Next, I want to model thinking. Historically, thinking has been accomplished by engaging those who see things differently than you and through conversation and dialogue arriving at a more vigorous view of the truth. Thinking publicly means that you have to risk thinking which means that occasionally you might get off track. Just in case it was a question, I am not that clever and not even close to always being right. I carry in my heart that I very well might be wrong. I have changed my mind on many things. I am not a pundit. I am a pastor-theologian-philospher. My goal in life isn’t just to tell you what is true but I want to show you how to arrive at what is true. This classical view of dialogue that I seek to do on social media can be uncomfortable and messy. This is no bad thing unless one thinks that everyone is thinking really well and I’m wasting my time, or if one thinks that a pastor should ‘stay in his lane’—Sunday mornings, funerals, and weddings. The first is impossible to believe and the second minimizes pastoral work. Only recently have pastors been relegated to an hour a week and then prescribed religious work like counseling and funerals. Just a few generations ago, pastors were the center of thinking, knowledge, philosophy, social justice (or not) and ethics for the whole community they served. Some of the most influential and important people in history since the resurrection have been pastors. This is not in spite of being pastors but because of it. I reject out of hand the reduction of the pastor’s responsibilities and so should you. Is the world or the church better spiritually, morally, or socially since the pastor has been reduced to a religious actor?

The fourth reason that I engage social media the way that I do is that I am doing my part to prophetically stand against the pastor as religious commodity. By this I mean the pastor who either by choice or outside pressure only does those things that will get the most applause from his audience. He keeps himself from anything that might hurt his image because image fills the seats and filled seats mean success. This means that a pastor has a professional self and a private self. He performs for his congregation and then is who he is with family and real friends. For the last generation of leaders, if you wanted to be successful in the United States as a pastor, this is the model you had to embrace. Like many things the church has embraced over the last 50-75 years, this is a radically new concept of a pastor. It might have filled seats but it did nothing to further the mission of Jesus.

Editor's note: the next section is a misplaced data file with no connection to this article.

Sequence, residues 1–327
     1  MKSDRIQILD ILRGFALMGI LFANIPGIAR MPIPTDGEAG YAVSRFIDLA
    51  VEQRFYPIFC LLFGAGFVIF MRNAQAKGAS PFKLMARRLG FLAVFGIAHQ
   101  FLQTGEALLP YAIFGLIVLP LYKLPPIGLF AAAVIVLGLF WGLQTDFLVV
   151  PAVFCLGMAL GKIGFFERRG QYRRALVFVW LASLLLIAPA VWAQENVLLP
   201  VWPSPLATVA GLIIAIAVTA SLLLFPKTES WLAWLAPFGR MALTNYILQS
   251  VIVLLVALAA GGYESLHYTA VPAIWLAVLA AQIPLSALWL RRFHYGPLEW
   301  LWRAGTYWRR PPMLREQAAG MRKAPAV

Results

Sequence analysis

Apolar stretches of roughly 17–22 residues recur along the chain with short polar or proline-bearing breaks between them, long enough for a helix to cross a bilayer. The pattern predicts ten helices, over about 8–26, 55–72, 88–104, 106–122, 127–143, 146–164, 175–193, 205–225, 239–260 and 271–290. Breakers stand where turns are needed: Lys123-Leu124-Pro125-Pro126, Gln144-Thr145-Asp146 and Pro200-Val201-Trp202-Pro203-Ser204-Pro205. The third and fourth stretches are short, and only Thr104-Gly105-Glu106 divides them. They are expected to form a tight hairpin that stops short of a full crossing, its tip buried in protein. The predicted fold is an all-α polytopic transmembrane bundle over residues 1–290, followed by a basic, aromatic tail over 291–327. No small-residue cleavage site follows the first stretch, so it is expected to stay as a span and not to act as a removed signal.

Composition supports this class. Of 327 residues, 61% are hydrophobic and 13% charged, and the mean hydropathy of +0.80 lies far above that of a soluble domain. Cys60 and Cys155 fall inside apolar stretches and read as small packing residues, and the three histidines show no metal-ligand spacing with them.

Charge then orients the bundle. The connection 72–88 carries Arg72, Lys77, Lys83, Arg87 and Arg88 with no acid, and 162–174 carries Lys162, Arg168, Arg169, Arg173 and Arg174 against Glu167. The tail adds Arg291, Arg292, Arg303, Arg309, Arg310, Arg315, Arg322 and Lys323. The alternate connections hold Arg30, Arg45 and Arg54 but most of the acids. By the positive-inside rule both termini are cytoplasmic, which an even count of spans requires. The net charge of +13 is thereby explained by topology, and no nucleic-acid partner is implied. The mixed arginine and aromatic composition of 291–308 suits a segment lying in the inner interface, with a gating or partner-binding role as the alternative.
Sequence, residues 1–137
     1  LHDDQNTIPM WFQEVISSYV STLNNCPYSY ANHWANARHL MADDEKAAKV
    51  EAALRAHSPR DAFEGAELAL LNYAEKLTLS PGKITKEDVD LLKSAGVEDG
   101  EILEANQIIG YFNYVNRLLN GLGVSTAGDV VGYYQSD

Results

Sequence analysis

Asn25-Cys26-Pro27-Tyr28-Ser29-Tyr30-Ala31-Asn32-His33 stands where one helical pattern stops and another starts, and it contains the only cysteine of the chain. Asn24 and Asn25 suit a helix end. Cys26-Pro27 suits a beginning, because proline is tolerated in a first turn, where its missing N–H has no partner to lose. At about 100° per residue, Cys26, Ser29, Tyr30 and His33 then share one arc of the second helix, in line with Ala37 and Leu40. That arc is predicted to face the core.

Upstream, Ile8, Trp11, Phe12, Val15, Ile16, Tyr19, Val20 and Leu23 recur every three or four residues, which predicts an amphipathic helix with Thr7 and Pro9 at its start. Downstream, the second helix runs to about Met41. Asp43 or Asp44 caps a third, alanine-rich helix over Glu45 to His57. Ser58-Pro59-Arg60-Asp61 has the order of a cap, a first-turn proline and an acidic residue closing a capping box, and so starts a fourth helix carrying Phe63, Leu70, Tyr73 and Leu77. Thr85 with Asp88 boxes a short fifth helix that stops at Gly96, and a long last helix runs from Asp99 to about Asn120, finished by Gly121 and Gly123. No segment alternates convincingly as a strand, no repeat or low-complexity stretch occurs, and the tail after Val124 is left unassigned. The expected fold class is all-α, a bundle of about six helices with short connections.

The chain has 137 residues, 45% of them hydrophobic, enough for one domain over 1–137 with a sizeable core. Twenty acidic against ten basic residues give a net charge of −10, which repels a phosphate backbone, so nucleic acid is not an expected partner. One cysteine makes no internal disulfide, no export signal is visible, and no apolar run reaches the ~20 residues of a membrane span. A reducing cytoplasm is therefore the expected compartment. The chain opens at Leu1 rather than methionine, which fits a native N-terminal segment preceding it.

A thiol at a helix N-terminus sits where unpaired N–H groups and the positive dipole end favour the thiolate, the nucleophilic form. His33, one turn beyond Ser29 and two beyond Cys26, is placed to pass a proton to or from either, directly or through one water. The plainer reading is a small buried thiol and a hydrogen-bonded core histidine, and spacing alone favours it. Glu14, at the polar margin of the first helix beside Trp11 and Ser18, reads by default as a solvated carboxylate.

I have little doubt that this public/private divide among pastors is a primary reason for the many public, moral falls of pastors over the last several years. When sin is hidden so that the show can go on, little things become big, church shattering things. It is also the primary reason why the epidemic of mental illness that is running rampant among church leaders can’t be talked about; it messes up the carefully crafted image. It is also one of the primary reasons that a large majority of pastors will not be pastors 5 years from now. It is a lonely, death-to-soul-kind-of-life when at church you have to put on a religious performance for the crowd. I reject this model as deadly for pastors and deadly for discipleship in the local church. I will have no part of it and we all should do our part to dismantle this way of the world that has infiltrated the church.